The Wolverine takes a much more personal stance than any of the other X-Men films. They take a common philosophical problem, existentialism, and turn it on its head a bit. Whereas the problem with existentialism usually is coming to terms with one's own mortality, in The Wolverine, Logan must come to terms with his immortality. After killing Jean Grey in X-Men: The Last Stand, Logan must forgive himself and find reason for living again. While part of me wishes that the studio had had the balls to kill off their main source of revenue from the X-Men franchise, there's another part of me that kind of admires that they did something unique with the existential crisis, even if it was clearly out of a necessity to perpetuate this franchise. I liked this film a lot because it's so insular. You really don't need to see this in order to watch any of the other X-Men films, and really only X-Men: The Last Stand is needed to be seen before catching The Wolverine (though making someone sit through X-Men: The Last Stand is probably a sin). They did make a point of taking away Wolverine's adamantium claws which will later be ret-conned without any discernible reason, which is kind of frustrating.
The filmmakers proved that, yet again, Tokyo is beautiful to film and I liked a fair number of the set pieces. I mean, when was the last time you saw a film that made a fight on top of a train interesting? Mangold is very hit or miss, but he showed some chops here. He's rumored to direct a Wolverine sequel, and if he can pull off another one like this, I'll be very happy.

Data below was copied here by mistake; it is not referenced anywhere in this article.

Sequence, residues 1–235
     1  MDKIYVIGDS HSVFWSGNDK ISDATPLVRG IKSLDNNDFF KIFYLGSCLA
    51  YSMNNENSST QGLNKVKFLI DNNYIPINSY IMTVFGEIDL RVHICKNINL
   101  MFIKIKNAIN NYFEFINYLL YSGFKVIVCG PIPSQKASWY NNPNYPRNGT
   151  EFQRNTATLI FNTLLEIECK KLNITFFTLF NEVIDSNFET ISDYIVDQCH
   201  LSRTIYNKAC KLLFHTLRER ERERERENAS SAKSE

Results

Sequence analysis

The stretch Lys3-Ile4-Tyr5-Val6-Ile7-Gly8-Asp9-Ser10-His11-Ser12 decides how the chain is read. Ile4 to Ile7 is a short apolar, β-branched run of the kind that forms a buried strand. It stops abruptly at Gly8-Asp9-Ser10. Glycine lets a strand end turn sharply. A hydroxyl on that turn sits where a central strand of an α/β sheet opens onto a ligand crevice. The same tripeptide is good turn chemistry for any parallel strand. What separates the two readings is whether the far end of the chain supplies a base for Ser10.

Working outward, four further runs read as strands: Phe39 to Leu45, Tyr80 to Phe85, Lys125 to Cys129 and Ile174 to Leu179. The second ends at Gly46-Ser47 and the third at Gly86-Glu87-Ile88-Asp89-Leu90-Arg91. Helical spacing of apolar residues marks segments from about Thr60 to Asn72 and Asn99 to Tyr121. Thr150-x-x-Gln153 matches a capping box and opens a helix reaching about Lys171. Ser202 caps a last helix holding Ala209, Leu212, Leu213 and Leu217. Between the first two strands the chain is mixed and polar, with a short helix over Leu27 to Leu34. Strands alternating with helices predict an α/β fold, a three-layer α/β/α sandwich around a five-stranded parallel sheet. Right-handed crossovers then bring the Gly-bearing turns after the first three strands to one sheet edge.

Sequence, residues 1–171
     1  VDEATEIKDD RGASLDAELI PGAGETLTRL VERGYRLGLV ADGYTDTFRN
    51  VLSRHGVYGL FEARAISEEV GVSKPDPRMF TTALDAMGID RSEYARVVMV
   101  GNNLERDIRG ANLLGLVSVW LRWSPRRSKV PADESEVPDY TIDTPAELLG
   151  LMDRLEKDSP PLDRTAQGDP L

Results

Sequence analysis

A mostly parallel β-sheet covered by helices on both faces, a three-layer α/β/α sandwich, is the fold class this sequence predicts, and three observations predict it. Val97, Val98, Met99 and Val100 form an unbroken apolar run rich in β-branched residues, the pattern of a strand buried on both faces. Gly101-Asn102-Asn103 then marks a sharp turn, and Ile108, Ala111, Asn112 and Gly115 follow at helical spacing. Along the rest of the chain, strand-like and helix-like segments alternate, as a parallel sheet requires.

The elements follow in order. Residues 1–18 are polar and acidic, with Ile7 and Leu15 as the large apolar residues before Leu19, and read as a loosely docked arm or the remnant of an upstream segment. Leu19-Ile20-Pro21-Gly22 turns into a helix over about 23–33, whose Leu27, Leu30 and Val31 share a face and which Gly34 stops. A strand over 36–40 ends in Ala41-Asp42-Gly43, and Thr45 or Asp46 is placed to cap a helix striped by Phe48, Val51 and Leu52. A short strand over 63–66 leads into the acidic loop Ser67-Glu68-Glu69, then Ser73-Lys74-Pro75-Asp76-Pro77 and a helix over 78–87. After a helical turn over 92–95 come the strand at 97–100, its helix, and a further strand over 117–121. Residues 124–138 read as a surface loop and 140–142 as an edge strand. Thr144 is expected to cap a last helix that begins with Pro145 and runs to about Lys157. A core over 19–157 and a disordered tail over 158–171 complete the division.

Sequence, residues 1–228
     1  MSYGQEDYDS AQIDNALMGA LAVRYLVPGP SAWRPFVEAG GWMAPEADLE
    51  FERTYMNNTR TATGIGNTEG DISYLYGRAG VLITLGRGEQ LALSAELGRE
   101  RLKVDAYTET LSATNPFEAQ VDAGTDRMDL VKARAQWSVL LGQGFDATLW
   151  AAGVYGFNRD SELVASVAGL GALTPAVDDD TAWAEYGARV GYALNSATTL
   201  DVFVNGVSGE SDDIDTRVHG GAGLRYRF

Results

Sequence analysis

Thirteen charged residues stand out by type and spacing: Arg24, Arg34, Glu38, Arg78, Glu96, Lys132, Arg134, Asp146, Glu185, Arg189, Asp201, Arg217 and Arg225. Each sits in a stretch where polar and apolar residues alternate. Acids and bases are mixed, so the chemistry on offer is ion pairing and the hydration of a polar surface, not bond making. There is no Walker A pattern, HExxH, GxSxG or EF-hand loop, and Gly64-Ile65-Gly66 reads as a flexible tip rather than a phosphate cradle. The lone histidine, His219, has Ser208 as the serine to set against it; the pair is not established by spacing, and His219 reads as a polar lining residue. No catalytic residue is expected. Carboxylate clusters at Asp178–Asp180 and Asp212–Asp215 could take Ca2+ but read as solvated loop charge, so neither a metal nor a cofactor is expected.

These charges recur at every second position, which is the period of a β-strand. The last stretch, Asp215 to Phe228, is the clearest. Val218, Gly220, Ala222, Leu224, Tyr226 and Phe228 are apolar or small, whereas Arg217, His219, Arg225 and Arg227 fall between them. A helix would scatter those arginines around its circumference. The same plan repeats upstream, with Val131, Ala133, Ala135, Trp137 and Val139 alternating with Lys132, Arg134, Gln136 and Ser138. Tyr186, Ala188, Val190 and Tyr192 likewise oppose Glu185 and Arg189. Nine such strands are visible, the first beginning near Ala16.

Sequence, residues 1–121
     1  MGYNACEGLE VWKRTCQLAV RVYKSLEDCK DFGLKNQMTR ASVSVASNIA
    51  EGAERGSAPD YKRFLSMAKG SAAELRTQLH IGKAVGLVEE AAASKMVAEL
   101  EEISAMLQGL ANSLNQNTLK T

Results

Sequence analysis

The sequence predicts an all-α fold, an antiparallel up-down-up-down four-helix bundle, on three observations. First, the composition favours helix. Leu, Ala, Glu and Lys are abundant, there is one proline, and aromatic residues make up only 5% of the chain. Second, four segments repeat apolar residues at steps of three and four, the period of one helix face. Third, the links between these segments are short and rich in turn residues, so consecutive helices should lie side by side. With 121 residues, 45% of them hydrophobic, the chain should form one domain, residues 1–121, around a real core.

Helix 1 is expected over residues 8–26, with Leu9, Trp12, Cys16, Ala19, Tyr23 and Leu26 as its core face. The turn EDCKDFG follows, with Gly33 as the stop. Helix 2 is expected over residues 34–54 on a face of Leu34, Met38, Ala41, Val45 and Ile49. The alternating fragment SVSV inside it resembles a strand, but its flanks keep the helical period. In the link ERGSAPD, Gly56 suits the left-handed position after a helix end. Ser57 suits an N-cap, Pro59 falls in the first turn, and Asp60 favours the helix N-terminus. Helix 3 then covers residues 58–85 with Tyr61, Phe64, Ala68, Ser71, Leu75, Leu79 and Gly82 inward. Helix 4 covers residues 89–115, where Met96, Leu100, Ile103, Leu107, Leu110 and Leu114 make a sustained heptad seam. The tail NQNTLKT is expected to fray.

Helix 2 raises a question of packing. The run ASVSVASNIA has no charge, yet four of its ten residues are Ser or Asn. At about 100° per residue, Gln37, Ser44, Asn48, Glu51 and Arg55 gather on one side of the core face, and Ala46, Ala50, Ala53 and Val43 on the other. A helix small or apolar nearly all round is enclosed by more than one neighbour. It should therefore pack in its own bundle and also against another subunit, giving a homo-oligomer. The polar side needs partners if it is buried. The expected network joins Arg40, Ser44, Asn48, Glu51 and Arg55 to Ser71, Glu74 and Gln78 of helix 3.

The writing is great for the first two acts of the film. I loved the sleuth aspect, and was constantly trying to figure out how everything was going to tie together. Not well is the answer. The Viper character proved to be incredibly meaningless and Khodchenkova's portrayal left a lot to be desired. I guess the writers felt they needed a third mutant in this film because X-Men is always bloated with characters. This almost felt like a bit of studio meddling. You could tell they wanted a more honed in story, but that wouldn't have felt as much like an "X-Men" movie. The plot also came together in an incredibly convoluted and unnecessary way. I liked all the various characters trying to make Power Plays, but the final reveal of Yashida being alive and wanting to get Logan to this "secret" base was awful. They had Logan back at his house and weakened, I don't know why they felt the need to fake his death and then try to lure Yashida out to that site. His silver samurai was also incredibly unnecessary. A mix between a Darth Vader suit and a machine for extracting Logan's immortality, it just felt impractical.
I really hate how this film ended, mostly because I loved the rest of the film so much. It really showcased how there are interesting directions they can take these characters, and unexplored facets of their characters that are worthwhile to make films out of.